Memoirs of Benjamin Tallmadge
In 1776, at the age of twenty-one, Benjamin Tallmadge joined the Continental Army as an officer in American Revolutionary War.
By the end of that conflict he had risen to become one of George Washington’s chief intelligence officers, organizing the Culper Spy Ring out of New York City and Long Island.
This is his remarkable account of that period.
Tallmadge gives a year by year account of his experiences during the conflict from his joining the army and meeting English troops for the first time in 1776 through to Washington’s leaving the army and emotional final farewell to his officers at Fraunces’ Tavern.
He was trusted greatly by Washington and other generals, rising through the ranks and given command of large numbers of troops.
Tallmadge’s memoirs cover many of the important events that he personally witnessed during the seven years of conflict, including battles like Short Hills and Monmouth, expeditions against the British on Long Island that led to the Battle of Fort St. George as well as numerous skirmishes.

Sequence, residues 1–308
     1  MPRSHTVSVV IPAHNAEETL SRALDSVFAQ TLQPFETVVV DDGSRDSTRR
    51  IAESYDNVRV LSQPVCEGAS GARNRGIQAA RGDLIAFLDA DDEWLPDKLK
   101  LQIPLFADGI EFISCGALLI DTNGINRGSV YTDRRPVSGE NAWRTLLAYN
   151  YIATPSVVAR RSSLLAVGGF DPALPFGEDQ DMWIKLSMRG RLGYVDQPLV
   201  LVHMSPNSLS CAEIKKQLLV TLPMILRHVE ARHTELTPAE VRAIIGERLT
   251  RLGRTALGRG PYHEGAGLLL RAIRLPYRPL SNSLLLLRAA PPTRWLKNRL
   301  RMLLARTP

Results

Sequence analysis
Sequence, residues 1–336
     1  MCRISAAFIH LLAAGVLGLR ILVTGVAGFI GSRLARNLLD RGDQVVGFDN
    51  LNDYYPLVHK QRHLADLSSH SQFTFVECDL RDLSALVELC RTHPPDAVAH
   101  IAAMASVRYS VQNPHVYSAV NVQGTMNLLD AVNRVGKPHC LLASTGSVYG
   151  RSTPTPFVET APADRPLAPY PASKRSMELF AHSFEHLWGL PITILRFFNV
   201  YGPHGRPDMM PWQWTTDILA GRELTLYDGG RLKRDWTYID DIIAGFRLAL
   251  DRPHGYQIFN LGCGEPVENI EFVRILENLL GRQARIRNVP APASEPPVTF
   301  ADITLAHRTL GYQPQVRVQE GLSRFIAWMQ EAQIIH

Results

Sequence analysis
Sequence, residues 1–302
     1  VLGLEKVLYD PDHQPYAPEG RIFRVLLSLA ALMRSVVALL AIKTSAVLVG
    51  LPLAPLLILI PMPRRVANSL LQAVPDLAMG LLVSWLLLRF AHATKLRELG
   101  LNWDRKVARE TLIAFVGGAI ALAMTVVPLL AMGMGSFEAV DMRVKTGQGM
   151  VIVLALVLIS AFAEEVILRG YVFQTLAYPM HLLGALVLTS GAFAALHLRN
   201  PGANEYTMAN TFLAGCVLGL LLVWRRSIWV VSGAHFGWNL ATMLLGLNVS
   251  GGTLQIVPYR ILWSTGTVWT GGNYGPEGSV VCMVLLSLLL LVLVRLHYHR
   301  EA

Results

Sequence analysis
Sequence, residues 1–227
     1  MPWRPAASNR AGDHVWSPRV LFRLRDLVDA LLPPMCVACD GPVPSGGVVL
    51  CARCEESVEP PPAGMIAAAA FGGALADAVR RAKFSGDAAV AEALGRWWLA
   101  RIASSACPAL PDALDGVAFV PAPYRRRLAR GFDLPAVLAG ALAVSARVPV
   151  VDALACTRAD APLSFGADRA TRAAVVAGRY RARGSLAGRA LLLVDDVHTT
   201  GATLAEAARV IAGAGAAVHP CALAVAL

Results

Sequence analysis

This edition sheds more light upon his espionage activities than what is given in the original memoirs. Henry Phelps Johnston, a Professor of History at the College of the City of New York, draws upon Tallmadge’s own correspondence with Washington, Heath, Gates, Clinton and other officers to further explain the Colonel’s position in the American Revolutionary Wars.
Of particular interest in the additional materials are those that relate to Tallmadge’s service between 1778 and 1783 as a spy master, the capture and trial of Major Andre and the betrayal of Arnold.
After the war Tallmadge was elected as a member of the Federalist Party to the House of Representatives. This edition of his memoirs was published with the assistance of the Society of the Sons of the Revolution. He died in 1835 in Litchfield, Connecticut.
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